Males aggressively hovered over females trying to settle in on top to upload their code. It was common to have follower males on a hooked female, one or two following her up, trying to angle their way in above her.

Here's what's important about that. You can actually meter the males on the "fish finder" and find exactly where the fish are congregated by it. But it takes an otherwise clean water column, like what you find along island pocket beaches in 20 to 50 feet of water.

Another thing I learned there, is halibut are almost always aggressive feeders. The lore about being tentative biters is simply wrong. It's the result of fishing coastal beaches where there are lots of ‘fly-swatters’ with mouths too small to suck down your bait in one fell swoop.

I once watched an elderly angler (not to mention names, but it was Fred Hertzburger) — he pinned a floater starry rockfish onto a giant "J" hook on 60-pound, lingcod style. I shook my head in dismay as I watched it drag along the sand. Then, he was on, and it was BIG! — perhaps 45 pounds. Well, he wound it right up and jerked that thing right out of the water. It exploded of course, and with both thumbs on the spool, he broke it off and started cursing a blue streak.

When the fish aren't in spawn mode or on squid nests, but more spread out, knowledgeable skippers hit little pockets where halibut like to lie in wait. They work their way along trying each, tapping the edge of that rock, the drop off along a sand bank, the turn in a breakwater, whatever.

For private boaters, by far the most productivity for the least amount of local knowledge comes with bounce balling. Basically it's all about covering lots of area in a hurry with really gaudy gear.

The terminal tackle is a de-evolution of salmon trolling gear. One's main line is tied to a three-way swivel. A heavy sinker goes on the second leg and a 5-foot leader with a flasher in the middle and a gnarly trap-rig on the third leg. It's baited with a double hoochie or hoochie and squid or other big bait.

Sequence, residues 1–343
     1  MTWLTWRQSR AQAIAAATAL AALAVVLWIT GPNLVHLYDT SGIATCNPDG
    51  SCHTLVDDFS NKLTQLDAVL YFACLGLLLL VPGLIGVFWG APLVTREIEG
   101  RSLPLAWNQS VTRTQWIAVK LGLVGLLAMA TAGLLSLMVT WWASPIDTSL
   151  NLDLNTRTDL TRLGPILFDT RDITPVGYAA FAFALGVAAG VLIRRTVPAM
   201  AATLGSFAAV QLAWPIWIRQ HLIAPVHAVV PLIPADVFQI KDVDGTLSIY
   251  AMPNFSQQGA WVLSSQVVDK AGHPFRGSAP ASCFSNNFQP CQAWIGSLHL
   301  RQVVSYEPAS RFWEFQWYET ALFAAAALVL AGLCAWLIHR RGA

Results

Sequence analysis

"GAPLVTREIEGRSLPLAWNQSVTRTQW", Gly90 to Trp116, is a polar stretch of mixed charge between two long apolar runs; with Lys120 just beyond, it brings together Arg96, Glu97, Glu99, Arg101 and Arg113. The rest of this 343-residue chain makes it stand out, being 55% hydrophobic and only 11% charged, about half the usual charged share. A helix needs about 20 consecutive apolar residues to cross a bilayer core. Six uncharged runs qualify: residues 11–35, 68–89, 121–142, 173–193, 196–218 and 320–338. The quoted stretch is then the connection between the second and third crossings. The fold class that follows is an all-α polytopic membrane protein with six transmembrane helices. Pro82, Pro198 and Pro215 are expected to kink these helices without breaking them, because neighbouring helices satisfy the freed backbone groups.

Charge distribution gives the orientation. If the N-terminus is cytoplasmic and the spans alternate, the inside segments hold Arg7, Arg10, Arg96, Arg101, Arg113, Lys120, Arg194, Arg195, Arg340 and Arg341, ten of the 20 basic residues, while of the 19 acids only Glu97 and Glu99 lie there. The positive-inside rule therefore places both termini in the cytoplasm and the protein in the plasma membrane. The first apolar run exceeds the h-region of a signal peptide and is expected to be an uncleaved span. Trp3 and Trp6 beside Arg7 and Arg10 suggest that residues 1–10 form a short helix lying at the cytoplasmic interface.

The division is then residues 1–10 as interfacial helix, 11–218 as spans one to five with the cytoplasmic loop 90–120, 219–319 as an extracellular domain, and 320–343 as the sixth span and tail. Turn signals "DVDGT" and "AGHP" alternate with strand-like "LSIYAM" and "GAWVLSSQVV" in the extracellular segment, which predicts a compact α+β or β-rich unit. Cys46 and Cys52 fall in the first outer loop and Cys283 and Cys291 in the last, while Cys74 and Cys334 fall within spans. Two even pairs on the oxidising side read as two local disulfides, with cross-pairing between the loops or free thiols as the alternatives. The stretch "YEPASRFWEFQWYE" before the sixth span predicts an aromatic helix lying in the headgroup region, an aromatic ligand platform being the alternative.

This is slow trolled, just slow enough to keep the sinker bouncing along the bottom, but otherwise as fast as you can go and keep it down there — perhaps a knot or two. A fish, after grabbing at the sinker and the flasher eventually nails that bait, if you get my drift.

Some use rubber snubbers as a shock absorber between the sinker and hook, so the fish don't tear off. Add in a little local knowledge and you can level up to commercial productivity with this method.

I always aim for gaffing a halibut deep in the gut. Anywhere else and they'll freak out and possibly tear off or flip off. If you dump them off the gaff onto the deck they'll flip out as well, so have a plan.

If they're wild on deck, stand back and block the rails until they've settled down. If you try to sit, kneel or step on them, they'll use that leverage to flip themselves clear overboard.

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Merit McCrea is saltwater editor for Western Outdoor News. A veteran Southern California partyboat captain, he also works as a marine research scientist with the Love Lab at the University of California at Santa Barbara’s Marine Science Institute. He can be reached at: